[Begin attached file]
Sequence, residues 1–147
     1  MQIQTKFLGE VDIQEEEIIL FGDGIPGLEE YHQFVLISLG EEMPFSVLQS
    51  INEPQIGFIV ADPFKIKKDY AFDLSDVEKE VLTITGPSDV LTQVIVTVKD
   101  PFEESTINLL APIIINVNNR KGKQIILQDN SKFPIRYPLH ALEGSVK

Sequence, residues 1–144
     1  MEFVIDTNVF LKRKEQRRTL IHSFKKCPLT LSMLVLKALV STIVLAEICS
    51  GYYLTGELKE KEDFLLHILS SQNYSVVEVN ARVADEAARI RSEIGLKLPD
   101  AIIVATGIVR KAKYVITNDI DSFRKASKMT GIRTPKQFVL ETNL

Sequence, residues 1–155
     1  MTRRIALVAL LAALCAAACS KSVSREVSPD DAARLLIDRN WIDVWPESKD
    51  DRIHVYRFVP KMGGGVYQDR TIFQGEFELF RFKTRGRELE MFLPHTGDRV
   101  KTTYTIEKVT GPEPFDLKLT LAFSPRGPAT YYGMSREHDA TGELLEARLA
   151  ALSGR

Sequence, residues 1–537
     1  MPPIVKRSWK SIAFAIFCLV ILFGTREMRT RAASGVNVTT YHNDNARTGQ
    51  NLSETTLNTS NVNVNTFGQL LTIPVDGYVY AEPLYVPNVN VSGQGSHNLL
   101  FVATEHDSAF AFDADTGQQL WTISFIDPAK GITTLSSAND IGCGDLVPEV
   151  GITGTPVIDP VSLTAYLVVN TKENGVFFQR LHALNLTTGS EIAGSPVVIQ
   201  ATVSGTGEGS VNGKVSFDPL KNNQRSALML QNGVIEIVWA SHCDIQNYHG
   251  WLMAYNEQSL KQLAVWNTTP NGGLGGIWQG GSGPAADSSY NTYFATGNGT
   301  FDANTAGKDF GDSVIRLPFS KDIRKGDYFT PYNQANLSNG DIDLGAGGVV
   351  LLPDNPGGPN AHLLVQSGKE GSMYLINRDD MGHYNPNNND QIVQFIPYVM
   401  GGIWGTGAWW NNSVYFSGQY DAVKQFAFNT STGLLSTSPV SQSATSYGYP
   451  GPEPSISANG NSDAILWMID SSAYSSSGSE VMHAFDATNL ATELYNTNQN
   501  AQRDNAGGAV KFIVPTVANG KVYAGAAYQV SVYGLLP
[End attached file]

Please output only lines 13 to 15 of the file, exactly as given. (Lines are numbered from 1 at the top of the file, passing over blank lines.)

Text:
   151  ALSGR

Sequence, residues 1–537
     1  MPPIVKRSWK SIAFAIFCLV ILFGTREMRT RAASGVNVTT YHNDNARTGQ